A few weeks ago, my Altimeter colleagues and I published our 2016 trends overview. In it, I called out three themes that I expect will become more predominant this year:

  • Analytics for the visual web (images, video, etc.)
  • Ethical data use and privacy
  • The rise of algorithms to measure and predict even more of our daily and business lives

While these three themes may seem disconnected, they intersect in interesting ways. In an effort to innovate, and better understand and anticipate customer needs, organizations are becoming even more focused on collecting data about “the customer journey.” That journey, as is increasingly evident, includes images and video more than ever before.

So how can we better understand the content and context of those images? How do we understand them in combination with other signals, whether in language (posts, comments) or buttons (likes, shares, retweets) or passively via location or movement? What are the most effective research methods that honor customer and consumer preferences? What happens when what we understand to be true is encoded into algorithms that, increasingly, make decisions on our behalf? How do analytics need to evolve to make sense of an increasingly digital world in a way that engenders trust? And, most importantly, how do technologies and organizations evolve to measure all of this?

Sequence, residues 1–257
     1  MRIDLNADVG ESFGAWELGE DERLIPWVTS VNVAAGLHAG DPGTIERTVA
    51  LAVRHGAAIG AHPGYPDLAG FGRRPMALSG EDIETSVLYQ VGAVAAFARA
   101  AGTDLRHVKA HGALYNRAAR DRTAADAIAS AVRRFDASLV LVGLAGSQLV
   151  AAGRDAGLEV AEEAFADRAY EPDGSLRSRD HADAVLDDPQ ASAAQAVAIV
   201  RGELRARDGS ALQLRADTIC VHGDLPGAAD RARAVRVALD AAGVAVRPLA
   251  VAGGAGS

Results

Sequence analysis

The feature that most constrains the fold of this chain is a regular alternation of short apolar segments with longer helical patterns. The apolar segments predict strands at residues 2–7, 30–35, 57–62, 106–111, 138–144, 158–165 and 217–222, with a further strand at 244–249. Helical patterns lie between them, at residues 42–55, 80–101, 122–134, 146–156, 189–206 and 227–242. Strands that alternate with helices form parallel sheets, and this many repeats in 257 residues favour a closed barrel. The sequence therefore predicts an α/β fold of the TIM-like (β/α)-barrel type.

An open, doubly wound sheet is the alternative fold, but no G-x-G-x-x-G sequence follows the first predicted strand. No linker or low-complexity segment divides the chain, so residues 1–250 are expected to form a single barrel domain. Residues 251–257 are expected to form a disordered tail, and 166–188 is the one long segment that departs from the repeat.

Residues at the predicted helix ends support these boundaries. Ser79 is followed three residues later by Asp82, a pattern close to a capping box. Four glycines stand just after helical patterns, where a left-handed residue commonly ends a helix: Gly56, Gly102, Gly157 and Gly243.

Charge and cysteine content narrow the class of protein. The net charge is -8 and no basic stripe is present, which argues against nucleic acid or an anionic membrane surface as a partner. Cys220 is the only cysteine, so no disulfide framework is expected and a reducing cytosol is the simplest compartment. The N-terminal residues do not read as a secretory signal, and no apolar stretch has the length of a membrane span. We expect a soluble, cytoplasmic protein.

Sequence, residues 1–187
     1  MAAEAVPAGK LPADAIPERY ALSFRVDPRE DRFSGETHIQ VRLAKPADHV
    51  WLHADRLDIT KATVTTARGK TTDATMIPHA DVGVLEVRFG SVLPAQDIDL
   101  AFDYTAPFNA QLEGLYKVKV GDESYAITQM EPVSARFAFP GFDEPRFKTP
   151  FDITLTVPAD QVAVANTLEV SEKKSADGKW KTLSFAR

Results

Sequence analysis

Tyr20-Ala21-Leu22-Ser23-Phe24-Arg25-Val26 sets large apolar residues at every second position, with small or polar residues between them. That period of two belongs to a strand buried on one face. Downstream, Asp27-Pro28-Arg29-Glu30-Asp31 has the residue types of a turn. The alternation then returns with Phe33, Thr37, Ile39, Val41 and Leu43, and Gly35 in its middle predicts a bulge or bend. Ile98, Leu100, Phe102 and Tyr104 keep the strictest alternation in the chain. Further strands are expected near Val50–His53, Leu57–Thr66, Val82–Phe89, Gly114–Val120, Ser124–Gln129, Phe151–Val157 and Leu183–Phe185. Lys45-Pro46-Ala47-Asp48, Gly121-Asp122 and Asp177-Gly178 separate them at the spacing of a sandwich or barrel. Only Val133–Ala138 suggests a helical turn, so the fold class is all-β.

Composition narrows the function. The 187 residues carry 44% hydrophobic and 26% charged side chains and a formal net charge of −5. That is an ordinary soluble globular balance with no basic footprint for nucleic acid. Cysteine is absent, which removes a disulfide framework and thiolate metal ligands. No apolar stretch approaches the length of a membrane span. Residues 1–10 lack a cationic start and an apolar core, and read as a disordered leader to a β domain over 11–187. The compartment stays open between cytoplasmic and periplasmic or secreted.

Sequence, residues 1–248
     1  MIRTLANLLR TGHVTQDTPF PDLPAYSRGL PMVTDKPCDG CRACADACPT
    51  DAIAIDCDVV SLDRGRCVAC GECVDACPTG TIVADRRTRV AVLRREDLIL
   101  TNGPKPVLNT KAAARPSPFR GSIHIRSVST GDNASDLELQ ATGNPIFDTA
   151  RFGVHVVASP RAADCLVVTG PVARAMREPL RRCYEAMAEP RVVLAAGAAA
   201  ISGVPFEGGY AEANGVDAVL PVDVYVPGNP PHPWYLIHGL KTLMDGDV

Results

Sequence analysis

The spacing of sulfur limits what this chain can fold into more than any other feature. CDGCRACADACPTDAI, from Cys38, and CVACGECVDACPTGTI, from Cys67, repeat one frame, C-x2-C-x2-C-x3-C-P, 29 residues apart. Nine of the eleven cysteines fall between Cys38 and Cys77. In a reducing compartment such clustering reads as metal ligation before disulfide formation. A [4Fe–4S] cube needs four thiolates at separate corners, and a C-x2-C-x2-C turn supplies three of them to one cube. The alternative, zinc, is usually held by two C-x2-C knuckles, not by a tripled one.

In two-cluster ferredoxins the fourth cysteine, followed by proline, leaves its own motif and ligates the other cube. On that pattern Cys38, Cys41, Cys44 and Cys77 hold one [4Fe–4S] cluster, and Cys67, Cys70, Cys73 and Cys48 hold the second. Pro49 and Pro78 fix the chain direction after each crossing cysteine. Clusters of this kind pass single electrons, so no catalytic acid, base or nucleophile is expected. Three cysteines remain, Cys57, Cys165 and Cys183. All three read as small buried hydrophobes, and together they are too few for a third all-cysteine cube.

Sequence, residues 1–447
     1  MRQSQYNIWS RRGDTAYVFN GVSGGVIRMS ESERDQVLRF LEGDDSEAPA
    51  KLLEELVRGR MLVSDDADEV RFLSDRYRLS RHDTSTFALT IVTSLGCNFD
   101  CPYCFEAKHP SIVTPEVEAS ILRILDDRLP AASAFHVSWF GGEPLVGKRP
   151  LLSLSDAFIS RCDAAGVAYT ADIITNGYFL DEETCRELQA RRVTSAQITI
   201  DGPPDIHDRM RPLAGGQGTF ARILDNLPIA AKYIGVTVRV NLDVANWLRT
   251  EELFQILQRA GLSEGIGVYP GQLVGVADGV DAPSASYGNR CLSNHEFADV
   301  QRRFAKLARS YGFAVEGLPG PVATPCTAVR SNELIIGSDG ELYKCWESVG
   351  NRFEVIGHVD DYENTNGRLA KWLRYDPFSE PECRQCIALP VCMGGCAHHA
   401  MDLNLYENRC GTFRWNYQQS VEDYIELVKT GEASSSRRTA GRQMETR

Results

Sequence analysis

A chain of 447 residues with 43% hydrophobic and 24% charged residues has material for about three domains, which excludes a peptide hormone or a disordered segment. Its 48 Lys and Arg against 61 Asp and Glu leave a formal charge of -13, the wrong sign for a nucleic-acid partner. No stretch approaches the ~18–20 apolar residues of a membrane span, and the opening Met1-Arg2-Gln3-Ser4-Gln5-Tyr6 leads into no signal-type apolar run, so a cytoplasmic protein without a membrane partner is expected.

These themes will make up the majority of my research this year (and probably well beyond). I’ll also be looking to broaden my scope to be more global, and will be looking at technologies and use cases in multiple geographies. This becomes extremely interesting when you consider that the topics I’ll be tackling resonate very differently depending on where you stand.

 For example, this recent report by The Vodafone Institute for Society and Communications, “Big Data: A European Survey On The Opportunities And Risks Of Data Analytics,” reminds us just how high the bar is for big data analysis in Europe, while highlighting the regional differences that add even more complexity to the mix. And that’s just Europe.

This report from the United States Federal Trade Commission (FTC), “Big Data: A Tool for Inclusion or Exclusion? Understanding the Issues”, lays out guidance for companies on big data research, with an eye toward protecting consumers from bias, disparate impact and a host of other possible harms. And finally, this research paper from danah boyd at Microsoft looks at the Facebook “Emotional Contagion” study to explore what it teaches us about the obligations and realities of academic and commercial research in the digital age.

It’s just three weeks into the year, and I’m frankly excited about all the work to be done. As always, if you have contributions, ideas, or feedback, please share in the comments.


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